Jim Allison, Ph.D., chair of Immunology  at The University of Texas MD Anderson Cancer Center  has been named joint recipient of the inaugural Tang Prize for Biopharmaceutical Science for breakthroughs in fighting cancer.
Allison shares the prize with Tasuku Honjo, M.D., Ph.D., of Japan’s Kyoto University. "Both scholars’ discoveries have opened a new therapeutic era in medicine,” said Lee Yuan-tseh, Ph.D., Taiwan’s winner of the 1986 Nobel Prize in chemistry, at the award announcement in Taipei, Taiwan, last week.
Allison launched an entirely new way to treat cancer by blocking molecules on immune system T cells that turn off immune response. The treatment, called immune checkpoint blockade, grew out of his basic science research to understand the biology of T cells – the immune system’s customized attackers.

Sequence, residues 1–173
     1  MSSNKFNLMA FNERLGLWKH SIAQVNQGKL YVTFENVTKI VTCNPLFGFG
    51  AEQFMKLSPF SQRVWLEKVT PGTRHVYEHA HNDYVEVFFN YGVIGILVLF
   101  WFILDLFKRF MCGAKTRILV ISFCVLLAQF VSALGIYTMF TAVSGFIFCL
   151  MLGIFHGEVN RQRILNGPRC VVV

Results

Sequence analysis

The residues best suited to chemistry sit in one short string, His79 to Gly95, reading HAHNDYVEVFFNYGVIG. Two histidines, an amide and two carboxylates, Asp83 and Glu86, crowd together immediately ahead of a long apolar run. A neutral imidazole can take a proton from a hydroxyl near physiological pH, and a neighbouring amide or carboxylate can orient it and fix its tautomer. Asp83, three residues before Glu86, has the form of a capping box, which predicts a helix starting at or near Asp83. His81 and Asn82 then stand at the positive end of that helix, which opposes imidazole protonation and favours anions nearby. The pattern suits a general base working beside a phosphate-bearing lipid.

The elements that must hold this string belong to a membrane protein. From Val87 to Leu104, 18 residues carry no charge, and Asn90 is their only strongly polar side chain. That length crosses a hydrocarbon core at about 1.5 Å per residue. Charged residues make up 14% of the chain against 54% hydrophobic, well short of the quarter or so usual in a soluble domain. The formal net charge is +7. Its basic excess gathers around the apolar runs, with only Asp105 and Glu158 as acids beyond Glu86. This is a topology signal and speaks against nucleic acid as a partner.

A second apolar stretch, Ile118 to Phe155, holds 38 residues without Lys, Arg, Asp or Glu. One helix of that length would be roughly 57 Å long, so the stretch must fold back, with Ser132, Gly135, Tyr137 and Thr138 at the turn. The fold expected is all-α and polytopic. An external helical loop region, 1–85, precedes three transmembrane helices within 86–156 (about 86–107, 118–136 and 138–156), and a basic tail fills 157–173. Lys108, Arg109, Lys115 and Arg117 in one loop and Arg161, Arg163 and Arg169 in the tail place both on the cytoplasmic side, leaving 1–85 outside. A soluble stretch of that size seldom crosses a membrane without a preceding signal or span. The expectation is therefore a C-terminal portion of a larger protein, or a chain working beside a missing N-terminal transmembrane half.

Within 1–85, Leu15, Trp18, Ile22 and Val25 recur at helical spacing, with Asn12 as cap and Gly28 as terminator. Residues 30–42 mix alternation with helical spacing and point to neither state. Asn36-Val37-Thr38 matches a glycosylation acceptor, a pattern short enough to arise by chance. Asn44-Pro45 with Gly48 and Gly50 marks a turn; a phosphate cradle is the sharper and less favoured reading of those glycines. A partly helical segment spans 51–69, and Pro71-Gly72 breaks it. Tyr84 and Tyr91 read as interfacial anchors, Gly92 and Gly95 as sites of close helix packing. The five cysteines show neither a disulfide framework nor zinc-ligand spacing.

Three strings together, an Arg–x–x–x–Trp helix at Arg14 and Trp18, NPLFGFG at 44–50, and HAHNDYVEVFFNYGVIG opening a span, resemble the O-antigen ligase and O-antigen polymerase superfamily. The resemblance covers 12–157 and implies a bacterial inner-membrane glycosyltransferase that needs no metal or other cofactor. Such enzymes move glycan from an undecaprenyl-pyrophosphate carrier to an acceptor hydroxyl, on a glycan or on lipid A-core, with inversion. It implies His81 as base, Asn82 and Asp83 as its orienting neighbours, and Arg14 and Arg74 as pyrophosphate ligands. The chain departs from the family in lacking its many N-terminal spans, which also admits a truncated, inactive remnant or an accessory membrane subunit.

Allison and Honjo were selected from hundreds of international nominees for the award, which recognizes original research that has led to significant advances in preventing, diagnosing and treating major human diseases. Academia Sinica, Taiwan’s preeminent academic organization, similar to the National Academy of Sciences in the United States, administered award selection.
Taiwanese entrepreneur Samuel Yin established the biennial Tang Prize in December 2012. The 2014 prizes provide a cash award of NT$40 million ($1.3 million) and research grant of NT$10 million.
Read more at www.mdanderson.org.